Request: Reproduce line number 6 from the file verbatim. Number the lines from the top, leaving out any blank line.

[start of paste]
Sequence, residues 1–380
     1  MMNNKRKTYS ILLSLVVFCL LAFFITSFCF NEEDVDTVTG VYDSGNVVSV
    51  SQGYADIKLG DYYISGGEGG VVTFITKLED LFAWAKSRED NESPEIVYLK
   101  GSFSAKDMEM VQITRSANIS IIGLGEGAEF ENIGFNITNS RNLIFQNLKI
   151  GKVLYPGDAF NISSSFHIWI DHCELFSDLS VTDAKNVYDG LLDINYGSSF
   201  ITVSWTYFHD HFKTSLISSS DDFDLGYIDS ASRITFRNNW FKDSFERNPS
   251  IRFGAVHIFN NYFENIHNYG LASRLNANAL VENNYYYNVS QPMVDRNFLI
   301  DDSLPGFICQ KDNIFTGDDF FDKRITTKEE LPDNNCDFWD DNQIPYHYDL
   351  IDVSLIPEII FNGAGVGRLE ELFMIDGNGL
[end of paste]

   201  ITVSWTYFHD HFKTSLISSS DDFDLGYIDS ASRITFRNNW FKDSFERNPS